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Friday, July 11, 2014

Round robin has come home

For the past 3 years I have participated in Julie's Cotton Robin. For those of you unfamiliar with round robins - each participant makes a center block and passes it on to someone else who adds to it. In this round robin the center gets 2 rounds of borders and a third for quilting and binding. When it's finished it heads home back to the person that made the center block.

The process is anonymous so you do not know who is working on your quilt. It's always a creative challenge working with someone else's ideas and integrating your own into the mix. It is one of the things I really enjoy each year.

You can see this year's reveal here and my posts from previous years here and here.

This year I made a (slightly too busy) block from small equilateral triangles. Each one finished at 1 inch tall. I admit that I should have used a less busy background, but I wanted to introduce more colors into the mix. The block was an experiment for me - the round robin is a great opportunity to try out a technique on a small scale. I would love to make a big quilt with lots of these stars in different colors.


The first border was done by Julie who headed towards a color scheme that was a bit quieter that my start. At first I thought it dulled it all down, but now I think it lets the center shine. The piecing really enhances the center.


Maria did the second border and created a checkerboard design in grey and purple. I love the skinny aqua border (added by Julie or Maria) which sets off the two others.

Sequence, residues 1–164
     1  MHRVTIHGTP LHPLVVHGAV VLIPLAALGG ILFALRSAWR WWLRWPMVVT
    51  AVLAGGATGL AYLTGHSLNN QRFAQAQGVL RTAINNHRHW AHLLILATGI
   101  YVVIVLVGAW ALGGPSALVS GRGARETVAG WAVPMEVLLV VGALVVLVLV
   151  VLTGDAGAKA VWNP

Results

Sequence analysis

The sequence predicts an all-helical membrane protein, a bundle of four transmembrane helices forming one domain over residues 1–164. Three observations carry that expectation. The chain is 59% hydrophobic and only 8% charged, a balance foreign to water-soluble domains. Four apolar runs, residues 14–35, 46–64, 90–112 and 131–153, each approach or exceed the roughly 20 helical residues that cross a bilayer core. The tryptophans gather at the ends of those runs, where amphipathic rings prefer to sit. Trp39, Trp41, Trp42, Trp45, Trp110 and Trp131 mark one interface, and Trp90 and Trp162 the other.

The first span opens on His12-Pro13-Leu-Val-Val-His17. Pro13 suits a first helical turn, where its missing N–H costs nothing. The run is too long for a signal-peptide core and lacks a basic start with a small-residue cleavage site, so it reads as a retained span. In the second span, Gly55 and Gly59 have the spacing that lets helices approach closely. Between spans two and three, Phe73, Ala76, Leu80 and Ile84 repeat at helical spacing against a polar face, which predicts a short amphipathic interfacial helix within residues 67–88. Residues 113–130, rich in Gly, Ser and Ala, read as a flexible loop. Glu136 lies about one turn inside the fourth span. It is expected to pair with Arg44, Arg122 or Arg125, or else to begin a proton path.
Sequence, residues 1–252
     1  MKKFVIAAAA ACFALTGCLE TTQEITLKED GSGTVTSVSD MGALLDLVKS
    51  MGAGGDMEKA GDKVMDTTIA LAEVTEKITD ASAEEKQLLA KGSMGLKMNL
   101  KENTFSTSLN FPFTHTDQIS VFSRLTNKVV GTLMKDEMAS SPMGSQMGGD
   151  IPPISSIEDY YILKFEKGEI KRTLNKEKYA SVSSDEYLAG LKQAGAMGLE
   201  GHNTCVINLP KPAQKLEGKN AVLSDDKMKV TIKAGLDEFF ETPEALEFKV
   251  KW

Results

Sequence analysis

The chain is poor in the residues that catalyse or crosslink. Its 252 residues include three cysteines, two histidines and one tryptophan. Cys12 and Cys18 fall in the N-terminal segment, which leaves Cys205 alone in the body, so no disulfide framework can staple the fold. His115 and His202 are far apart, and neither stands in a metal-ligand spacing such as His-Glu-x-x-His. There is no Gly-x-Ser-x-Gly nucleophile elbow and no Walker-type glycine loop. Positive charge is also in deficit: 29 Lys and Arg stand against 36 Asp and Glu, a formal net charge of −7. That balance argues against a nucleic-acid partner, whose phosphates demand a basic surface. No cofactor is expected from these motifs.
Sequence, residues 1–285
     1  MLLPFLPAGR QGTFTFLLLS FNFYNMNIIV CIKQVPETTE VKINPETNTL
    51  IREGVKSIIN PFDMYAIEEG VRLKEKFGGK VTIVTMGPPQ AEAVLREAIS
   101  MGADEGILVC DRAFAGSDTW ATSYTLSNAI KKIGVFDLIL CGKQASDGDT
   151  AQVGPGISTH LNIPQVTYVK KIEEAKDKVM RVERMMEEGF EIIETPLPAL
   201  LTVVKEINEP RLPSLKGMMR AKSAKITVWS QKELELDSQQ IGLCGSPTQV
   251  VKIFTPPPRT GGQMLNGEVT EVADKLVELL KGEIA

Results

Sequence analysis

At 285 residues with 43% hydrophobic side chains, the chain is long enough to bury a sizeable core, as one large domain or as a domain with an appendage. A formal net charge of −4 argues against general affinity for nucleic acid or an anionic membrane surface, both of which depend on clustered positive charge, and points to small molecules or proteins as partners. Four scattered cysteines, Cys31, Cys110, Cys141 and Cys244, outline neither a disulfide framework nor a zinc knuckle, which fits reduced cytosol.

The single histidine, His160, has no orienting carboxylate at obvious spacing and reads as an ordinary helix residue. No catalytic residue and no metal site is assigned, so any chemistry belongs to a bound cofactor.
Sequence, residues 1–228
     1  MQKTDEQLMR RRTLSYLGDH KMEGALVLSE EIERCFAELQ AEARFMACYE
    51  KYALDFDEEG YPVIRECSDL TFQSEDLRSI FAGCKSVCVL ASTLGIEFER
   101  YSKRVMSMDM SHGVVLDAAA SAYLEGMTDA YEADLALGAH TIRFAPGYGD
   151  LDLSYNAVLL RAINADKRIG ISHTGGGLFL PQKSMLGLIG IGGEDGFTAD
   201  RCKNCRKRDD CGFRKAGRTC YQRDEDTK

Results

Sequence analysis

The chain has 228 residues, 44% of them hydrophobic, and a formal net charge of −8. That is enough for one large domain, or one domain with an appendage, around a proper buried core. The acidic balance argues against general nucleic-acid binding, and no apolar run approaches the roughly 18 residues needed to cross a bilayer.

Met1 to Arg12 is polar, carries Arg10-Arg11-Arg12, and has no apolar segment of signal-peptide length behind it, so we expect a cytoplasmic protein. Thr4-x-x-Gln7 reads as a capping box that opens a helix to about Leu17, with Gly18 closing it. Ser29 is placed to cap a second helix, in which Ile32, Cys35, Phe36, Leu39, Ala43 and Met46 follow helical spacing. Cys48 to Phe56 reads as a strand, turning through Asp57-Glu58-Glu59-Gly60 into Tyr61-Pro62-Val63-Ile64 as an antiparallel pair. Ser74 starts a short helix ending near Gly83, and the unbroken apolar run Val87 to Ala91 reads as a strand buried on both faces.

The quilt was hand quilted by Cathy. The hand quilting was the perfect choice and echos the print in Maria's grey fabric. She added little 6-point stars in the checkerboards. I also love the blue binding.


I worked on three other quilts. First was Anne's improv center block. I added a border of little fuschia squares surrounded by dark blue and green batiks. I had trouble getting started on this one. The center didn't lead me in an obvious direction. I thought I wanted to create something with a regular pattern without losing the spirit of the improvisational piecing.


I added a second border to Sandra's tree. Glen had added an unusual curved woven section and I added the darker black strips, blue crosses, and a hot pink/orange outer border. I thought this one needed something bold and quirky to hold it all together. I like the asymmetry of the finished quilt.


The final round was Rachel's applique center. The two borders were so well integrated it was hard to tell where one started and the other finished. I decided against FMQ and did outlining on the applique, continued the circular lines for a while and then added rectangular spirals in each corner. Everything was quilted using a very fine beige thread.


I love doing these round robins. Every finished quilt is a surprise. And, although my quilts never turn out as I expect, they are always fun. Everyone's perspective is different and that's what makes it such an enjoyable process. I can't wait until next year.

1 comment:

  1. I never really looked that closely at your center and didn't see all those equilateral triangles until I read it here. Wow! These little quilts really are so challenging and so much fun.

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